nhsI love being in the School of Nursing and Health Studies. Its small class sizes, student-faculty interaction and research opportunities are unparalleled in the Georgetown community. While I am proud of my school and the incredible work it does, I believe that our name misrepresents who we are. Our students focus on subjects across the health sciences, from health care management and policy — an extremely relevant field in the age of the Affordable Care Act — to international health, which examines the intersection of global health, economics, politics and medicine. In fact, less than one-fourth of freshmen enrolled in the NHS are nursing majors, and a majority of NHS graduates go on to work in medicine, consulting, public health and many other fields.

While the name “School of Nursing” holds historic value for our school, any NHS student or faculty member will tell you that the phrase no longer encompasses the extent of our local and global impact. It is often other members of the Georgetown community and the greater public who still perceive the NHS as primarily a nursing program. Yet a simple name change, from the NHS to the SHS — the School of Health Studies — would be a more accurate representation of the diverse curricula offered. The name would both encompass our excellent nursing program and give due emphasis to the other fields of human science, international health and health care management and policy.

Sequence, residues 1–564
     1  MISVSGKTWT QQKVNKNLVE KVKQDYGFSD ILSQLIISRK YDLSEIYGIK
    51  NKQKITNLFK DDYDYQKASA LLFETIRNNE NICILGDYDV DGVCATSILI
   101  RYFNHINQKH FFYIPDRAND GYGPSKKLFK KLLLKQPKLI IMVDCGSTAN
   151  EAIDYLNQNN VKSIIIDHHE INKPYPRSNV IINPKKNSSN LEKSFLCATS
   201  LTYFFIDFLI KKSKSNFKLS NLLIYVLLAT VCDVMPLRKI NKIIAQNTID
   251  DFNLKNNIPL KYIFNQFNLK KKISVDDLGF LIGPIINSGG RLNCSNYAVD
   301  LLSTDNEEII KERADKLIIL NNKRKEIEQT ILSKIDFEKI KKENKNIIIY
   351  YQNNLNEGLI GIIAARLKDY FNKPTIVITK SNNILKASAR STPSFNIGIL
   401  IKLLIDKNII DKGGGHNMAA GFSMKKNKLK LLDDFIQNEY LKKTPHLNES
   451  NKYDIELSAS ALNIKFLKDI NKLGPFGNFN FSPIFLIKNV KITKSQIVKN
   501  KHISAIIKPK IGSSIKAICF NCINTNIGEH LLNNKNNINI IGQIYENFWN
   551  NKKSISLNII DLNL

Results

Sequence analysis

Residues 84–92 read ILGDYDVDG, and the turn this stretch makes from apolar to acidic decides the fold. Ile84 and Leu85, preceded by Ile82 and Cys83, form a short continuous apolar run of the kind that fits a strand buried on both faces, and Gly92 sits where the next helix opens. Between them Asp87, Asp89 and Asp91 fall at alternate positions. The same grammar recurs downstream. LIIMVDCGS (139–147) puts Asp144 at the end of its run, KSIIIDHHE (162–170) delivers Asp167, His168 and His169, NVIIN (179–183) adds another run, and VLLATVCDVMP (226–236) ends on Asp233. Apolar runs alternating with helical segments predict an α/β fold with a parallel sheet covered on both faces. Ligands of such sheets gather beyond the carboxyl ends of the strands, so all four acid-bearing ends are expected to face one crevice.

This is not to say that the NHS should change its name simply to appease the uninformed, but as any marketer would tell you, branding matters, especially at a competitive school like Georgetown that looks to draw in a diverse group of talented students. Although the NHS has an acceptance rate on par with the other three undergraduate schools, the student body in the NHS is much more homogenous, with fewer international and male students. The numbers speak for themselves: Of 115 students enrolled in the class of 2017, 22 are male and just five are international students.

While no definitive link can be determined between the application rate of male students and the name “The School of Nursing and Health Studies,” one might be able to say that potential male applicants to the NHS are deterred from applying to the school — or even seriously considering the school — because of its name. By extension, it prevents the NHS from admitting a more diverse class across the four programs, including nursing, and it perpetuates an image of the NHS among many Georgetown students as a sorority of nurses, a phrase that is inaccurate.

I am no different from these students. I paid attention to this stereotype about the NHS before I applied to Georgetown. When I started exploring the international health program, I saw my interests in human health on the individual and global levels intersect. Yet I still struggled, both after my acceptance and after the start of my college career, with whether or not I would be perceived as a nurse by my peers at Georgetown and elsewhere.

As much as I would like to say that my expectations weren’t met, I have been asked when I decided to become a nurse or how I’m enjoying my nursing major. I have the utmost respect for the nursing program, but it frustrates me that I am sometimes perceived as a nurse although I am not studying to become one. My peers in international health have similar experiences, and while we try to correct any misconceptions that we encounter, these perceptions still persist.

I love my school and the diverse and exciting fields in which it excels. I love the students and faculty of the NHS. But I believe that words and names matter, and it’s time for a change to a name that represents who we are right now, not who we were throughout our history.

Marnie Klein is a freshman in the School of Nursing and Health Studies.

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